Naomi Fowler ■ The UN runs out of money: has your country paid its annual contribution?


Some troubling news you may not have heard about: recently United Nations staff were informed that the United Nations will run out of money due to a 30% underpayment by member states, most notably the United States: if that nation paid what it owed, that would make up at least 60% of the total unpaid contributions for 2019. Here’s a tweet thread which purports to show the text of an email sent out to staff by the UN Secretary-General, António Guterres:

The Tax Justice Network has long argued that the United Nations is a far more suitable and democratic forum for resolving international tax rules than the OECD, which we often refer to as a ‘rich countries club.’ The Tax Justice Network CEO Alex Cobham puts these failures to pay into an interesting context:

The United Nations Special Rapporteur on extreme poverty and human rights Professor Philip Alston raised the alarm on extreme inequality levels in the United States and in the UK. His evidence-based research was immediately rubbished by both the US administration and the UK government. Since President Trump was elected in the US, there has been a deliberate attempt to weaken an institution which has told some inconvenient truths to power.

We’re not saying that the UN is perfect. But we think it might interest citizens around the world to know whether or not their country has paid its 2019 contribution:

I interviewed Alex Cobham for the Tax Justice Network’s monthly podcast the Taxcast about his new book out this month, The Uncounted. That full interview will be released shortly in the November 2019 Taxcast, but we discussed this threat to the United Nations, and how a more stable future might be achieved. Here’s an audio clip here, followed by a transcript:

I don’t think very many people are actually seized of the urgency of this, I think because the UN seems very far away for most of us, but you know, there are two things at the moment that are really deeply concerning.

So on the one hand, you know, yes because of particularly the role of the US but actually quite a lot of other countries also not doing their bit, the UN is seriously underfunded and looking at having to make quite serious cuts. But actually because it’s only, only I say, missing a couple of hundred million dollars, right? Pretty small in terms of the national budget of lots of high income countries but big in terms of absolute amounts of money and you can see how that will impact very quickly on lots of people’s employment for example, but also on the organisation’s ability to do stuff.

But look, at the same time that the US in particular is effectively imposing deep cuts on the UN, the US is also blocking, in practical terms, all sorts of measures for progress and pushing through some quite regressive positions on things like women’s rights. How this country, or rather this country’s current administration, is being allowed both to starve the organisation of funds and to continue to exert a completely disproportionate amount of power is slightly mind-boggling.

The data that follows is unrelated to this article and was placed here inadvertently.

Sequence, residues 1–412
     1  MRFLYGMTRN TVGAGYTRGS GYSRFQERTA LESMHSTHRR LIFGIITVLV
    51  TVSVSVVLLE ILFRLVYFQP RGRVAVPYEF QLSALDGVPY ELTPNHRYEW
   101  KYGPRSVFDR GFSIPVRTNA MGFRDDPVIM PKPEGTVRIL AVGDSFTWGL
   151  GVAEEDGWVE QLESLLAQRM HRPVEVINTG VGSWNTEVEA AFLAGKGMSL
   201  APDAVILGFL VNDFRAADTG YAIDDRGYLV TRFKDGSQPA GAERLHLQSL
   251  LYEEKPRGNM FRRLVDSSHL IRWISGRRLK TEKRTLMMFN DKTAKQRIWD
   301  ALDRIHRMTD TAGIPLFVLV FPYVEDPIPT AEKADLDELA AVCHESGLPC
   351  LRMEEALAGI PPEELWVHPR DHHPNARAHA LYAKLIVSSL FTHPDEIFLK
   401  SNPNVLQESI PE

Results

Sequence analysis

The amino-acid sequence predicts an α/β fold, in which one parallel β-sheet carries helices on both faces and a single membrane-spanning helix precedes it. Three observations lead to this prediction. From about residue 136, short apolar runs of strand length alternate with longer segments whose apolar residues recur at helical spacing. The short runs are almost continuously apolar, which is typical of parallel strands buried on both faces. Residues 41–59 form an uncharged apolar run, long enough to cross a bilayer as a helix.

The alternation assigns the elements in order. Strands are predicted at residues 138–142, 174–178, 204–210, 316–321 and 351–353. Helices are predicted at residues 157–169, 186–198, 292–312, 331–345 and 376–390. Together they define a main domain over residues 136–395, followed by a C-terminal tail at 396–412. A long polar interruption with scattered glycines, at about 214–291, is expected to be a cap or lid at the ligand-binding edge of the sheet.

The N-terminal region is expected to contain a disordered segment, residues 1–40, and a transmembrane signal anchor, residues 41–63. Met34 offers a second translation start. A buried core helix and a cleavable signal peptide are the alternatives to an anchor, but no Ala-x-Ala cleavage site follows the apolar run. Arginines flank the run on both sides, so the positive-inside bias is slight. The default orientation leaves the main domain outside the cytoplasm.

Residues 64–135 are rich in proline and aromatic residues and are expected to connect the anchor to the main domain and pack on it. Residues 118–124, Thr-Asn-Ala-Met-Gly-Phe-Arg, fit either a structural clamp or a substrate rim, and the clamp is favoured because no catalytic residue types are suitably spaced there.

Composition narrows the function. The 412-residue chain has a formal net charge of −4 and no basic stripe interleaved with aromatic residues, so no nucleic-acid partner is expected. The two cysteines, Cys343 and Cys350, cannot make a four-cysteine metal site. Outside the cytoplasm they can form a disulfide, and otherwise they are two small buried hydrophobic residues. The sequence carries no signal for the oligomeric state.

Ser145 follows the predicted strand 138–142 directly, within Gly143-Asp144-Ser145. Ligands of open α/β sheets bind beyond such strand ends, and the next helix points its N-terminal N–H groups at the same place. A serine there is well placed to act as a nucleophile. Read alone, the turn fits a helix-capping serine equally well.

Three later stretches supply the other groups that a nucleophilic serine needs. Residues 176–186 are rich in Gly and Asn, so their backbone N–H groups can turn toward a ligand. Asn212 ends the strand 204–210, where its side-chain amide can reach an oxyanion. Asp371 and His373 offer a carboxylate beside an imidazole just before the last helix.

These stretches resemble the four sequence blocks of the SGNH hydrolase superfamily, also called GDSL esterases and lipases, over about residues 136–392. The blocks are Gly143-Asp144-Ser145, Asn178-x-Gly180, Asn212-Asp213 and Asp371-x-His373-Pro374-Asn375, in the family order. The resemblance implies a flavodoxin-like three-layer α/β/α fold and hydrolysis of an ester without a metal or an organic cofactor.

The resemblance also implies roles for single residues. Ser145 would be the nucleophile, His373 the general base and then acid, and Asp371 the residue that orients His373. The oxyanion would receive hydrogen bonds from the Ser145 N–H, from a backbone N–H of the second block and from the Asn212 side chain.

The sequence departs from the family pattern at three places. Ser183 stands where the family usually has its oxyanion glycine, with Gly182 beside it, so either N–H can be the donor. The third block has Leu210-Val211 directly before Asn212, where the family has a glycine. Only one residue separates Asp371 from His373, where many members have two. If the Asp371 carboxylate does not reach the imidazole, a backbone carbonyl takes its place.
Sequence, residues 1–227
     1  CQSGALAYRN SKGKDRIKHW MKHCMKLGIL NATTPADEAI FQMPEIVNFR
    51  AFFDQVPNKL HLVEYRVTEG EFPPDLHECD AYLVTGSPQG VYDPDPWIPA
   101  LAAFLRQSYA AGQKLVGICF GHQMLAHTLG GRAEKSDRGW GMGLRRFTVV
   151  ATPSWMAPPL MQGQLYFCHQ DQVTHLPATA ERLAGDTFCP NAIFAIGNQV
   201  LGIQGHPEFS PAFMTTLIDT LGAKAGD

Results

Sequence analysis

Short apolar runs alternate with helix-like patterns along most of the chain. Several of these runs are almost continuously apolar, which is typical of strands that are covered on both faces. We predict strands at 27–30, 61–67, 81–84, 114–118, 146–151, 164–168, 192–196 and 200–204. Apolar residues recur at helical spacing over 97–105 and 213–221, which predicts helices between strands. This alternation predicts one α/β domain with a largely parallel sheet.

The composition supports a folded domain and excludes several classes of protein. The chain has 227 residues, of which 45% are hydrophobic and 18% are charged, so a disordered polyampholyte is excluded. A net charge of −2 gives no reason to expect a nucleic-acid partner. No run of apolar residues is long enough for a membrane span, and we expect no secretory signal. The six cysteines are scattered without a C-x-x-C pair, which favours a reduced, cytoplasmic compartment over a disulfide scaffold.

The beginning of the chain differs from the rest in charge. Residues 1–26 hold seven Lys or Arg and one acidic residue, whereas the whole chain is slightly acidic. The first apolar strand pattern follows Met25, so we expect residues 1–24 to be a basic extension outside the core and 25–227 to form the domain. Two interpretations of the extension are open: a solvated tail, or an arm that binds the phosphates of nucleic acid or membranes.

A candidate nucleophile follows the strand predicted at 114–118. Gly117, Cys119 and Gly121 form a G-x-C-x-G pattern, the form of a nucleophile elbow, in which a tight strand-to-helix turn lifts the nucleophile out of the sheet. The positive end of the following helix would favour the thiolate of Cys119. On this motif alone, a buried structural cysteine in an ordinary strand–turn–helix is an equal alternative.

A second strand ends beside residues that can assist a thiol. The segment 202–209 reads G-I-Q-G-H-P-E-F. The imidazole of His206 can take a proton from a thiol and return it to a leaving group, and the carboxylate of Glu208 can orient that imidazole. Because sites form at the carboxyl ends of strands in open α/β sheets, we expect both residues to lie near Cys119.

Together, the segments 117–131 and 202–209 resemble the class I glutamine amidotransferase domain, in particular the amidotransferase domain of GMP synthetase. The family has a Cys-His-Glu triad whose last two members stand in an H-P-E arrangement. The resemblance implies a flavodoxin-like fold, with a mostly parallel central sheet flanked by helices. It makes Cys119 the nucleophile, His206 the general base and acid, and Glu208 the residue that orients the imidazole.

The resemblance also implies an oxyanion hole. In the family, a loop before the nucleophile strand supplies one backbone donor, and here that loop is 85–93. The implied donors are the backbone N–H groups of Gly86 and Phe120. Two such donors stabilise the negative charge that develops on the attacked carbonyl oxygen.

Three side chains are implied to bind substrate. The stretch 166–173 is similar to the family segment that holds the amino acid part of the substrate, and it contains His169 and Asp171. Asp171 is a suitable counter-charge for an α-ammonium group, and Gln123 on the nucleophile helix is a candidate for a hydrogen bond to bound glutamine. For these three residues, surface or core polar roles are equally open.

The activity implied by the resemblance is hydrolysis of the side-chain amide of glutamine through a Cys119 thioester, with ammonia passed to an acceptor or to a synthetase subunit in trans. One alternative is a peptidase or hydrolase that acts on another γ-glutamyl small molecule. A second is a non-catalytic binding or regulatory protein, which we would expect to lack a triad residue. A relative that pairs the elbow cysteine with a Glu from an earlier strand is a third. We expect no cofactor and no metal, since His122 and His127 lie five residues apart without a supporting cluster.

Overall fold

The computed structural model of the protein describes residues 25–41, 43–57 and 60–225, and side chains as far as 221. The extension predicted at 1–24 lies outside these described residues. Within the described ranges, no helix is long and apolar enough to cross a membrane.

And this doesn’t feel like a position that can continue. Surely it can do one or the other but not both. But ultimately what it points to in some ways is that we need to accelerate something that should have been happening anyway, which is thinking about how the UN becomes self sustaining.

It cannot survive, because good organisations do not survive on voluntary donations, because donations bring with them influence. And that’s as true for an organisation like the Tax Justice Network as it is for a government.

We know that governments that are more dependent on tax respond more to their own populations. Governments that have large natural resource wealth or aid flows become increasingly unresponsive to their people.

For the UN we need to think about countries making payments on a tax-like basis and with a social contract, countries having benefits that stem from their participation and therefore, you know, having some incentives to take part in that.

But, if the UN continues as I’m afraid it is currently, to look at private sector financing solutions for development and indeed, partnerships for itself, rather than seeing the literally hundreds of billions in revenues lost to avoidance and evasion as an obvious place for it to find the relatively small global budget that it needs, it’s kind of condemning itself to going further down this road.

I think that the people working on illicit financial flows need to start making the case very strongly within the UN that there are revenue streams here that would allow the organisation to have a basis of reserves, at least for a kind of independence that would stop it getting back into the situation that it’s got into now through the extreme behaviour of the Trump administration. Maybe there can be a silver lining if this kicks off some structural changes that make this impossible in future.

But right now everyone should be sounding the alert and asking their governments, their own governments, first of all, if they’ve made their contribution, because so many governments haven’t yet done their bit.”

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